In recent few years, cloud computing has been dramatically developed and become the area of focus to general public ranging from normal users to businesses. And the phrase “To cloud or not to cloud” is considered as a familiar question in any IT strategy these days. Similarly, not only is “cloud” no longer a strange term for enterprise applications, but also has been the prominent trend.
Source: Google Image
What is cloud computing?
As a claim by Berry, cloud computing could be understood as the delivery of computing services over a network that is a proprietary network or even the Internet. Those services are mainly infrastructure, platforms and applications. In simple words, Griffith (2016) states that the cloud here is a metaphor of the Internet; and cloud computing refers to store and access data or programs through the Internet instead of your device’s hard drive.
Source: Google Image
A typical example of cloud computing for normal users is Google Drive where your data is stored and cloud applications such as Google Docs and Google Sheets can be also found online. Moreover, the drive can be accessed by various types of device from PC, tablet or smartphone. Another recent example is Office Online offering web-based version of Word, Excel, Power Point and One Note, which means users can access these applications via web browser without installing anything.
Business benefits of cloud computing
According to Jameson (2013), cloud computing offers foreseeably great business benefits helping to increase the efficiency of the shared resources.
- You can work from anywhere you want. It is very flexible, isn’t it? It seems that cloud computing also creates a trend of virtual office allowing employees to connect and access their data from everywhere.
- You always get updated, which is really vital to get improvements and solutions for business demand. So you can get the latest updates within a blink eye through cloud computing.
- Business data, even confidential data is often stored in kinds of device like PC, tablet and smartphone, which pushes data into the risk of loss such as in the case of these devices are damaged or stolen. Cloud computing helps to control and protect data even if bad things happen to devices.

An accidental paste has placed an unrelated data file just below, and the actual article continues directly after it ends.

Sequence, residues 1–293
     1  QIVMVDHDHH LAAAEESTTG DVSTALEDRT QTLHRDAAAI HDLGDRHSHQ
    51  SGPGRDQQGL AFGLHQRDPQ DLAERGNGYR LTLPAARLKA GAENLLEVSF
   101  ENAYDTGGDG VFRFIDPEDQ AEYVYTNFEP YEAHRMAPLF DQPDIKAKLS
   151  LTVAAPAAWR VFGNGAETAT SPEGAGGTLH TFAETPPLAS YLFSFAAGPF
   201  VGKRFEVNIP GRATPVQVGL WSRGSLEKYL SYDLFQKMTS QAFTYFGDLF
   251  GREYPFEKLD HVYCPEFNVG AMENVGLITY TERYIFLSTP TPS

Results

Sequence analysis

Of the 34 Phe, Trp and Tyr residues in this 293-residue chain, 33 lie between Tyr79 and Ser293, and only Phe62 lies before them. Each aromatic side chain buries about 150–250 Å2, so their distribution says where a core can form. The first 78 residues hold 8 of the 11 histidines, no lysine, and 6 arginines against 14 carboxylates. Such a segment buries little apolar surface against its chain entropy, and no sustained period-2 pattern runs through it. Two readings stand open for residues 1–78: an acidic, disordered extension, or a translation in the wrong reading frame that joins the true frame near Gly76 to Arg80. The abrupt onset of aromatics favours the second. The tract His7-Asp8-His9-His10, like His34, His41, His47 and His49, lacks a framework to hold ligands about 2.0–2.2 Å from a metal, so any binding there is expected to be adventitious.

- Disaster recovery plan is always complex, especially for small businesses. Cloud computing makes it become a piece of cake as it saves much time and effort.
- It is environmentally friendly due to it cuts a certain amount of energy and emissions. Consequently, businesses save much resources for environmental issues.
ERP is moving to the cloud
As the result from a survey conducted by Gartner in America in 2014, there are 2% of business firms already having core ERP in the cloud and 47% of surveyed organizations have plan to move their core ERP systems to the cloud within next 5 years. ERP cloud has become fashionable or it is a critical move in IT strategy of enterprises. Let’s glance on why ERP should be moved to the cloud.
- Cloud-based ERP solutions spend lower TCO (Total Cost of Ownership) than on-premise systems. Obviously, businesses do not need to heavily invest on hardware and facilities to run the systems because infrastructure services are provided by ERP vendors. Later on, a huge amount of IT budget can be cut and spent on innovation rather than managing and maintenance the systems. Besides, TCO of cloud ERP solutions is easier manageable due to it clear and predictable subscription based monthly or annual fee. This advantage then effectively impacts on enterprises’ cash flows as well as planning and budgeting activities.
- As mentioned above, it is really important for enterprises to keep updated; and cloud ERP can offer much faster deployment. According to Yvanovich (2016), cloud-based ERP solutions can potentially reduce the deployment time by 75% compared to on-premise ERP systems. Furthermore, IT infrastructure is handled by the vendor, which sets enterprises more freedom to scale when their business grows. They just need to conduct simple steps to allow more employees to access into the system or to expand to multiple locations.
- Nowadays, big enterprises recognize themselves competing with many smaller players and start-ups who are not held back by pre-Internet softwares, which is actually a big advantage. In order to play the game, these big players need to quickly adopt new business models (such as launching totally new products/ services or changing new price structure) that demand a more flexible system. And McGeever (2016) says that cloud ERP is a solution meeting that requirement.
- In parallel, M&A (Mergers and Acquisitions) has also gained currency in the business world, which makes cloud ERP become a more attractive alternative for enterprises growing through acquisition to overcome difficulties on on-boarding a new company. Apparently, cloud ERP brings more advantages and helps acquiring enterprises to easier move compared to on-premise ERP systems.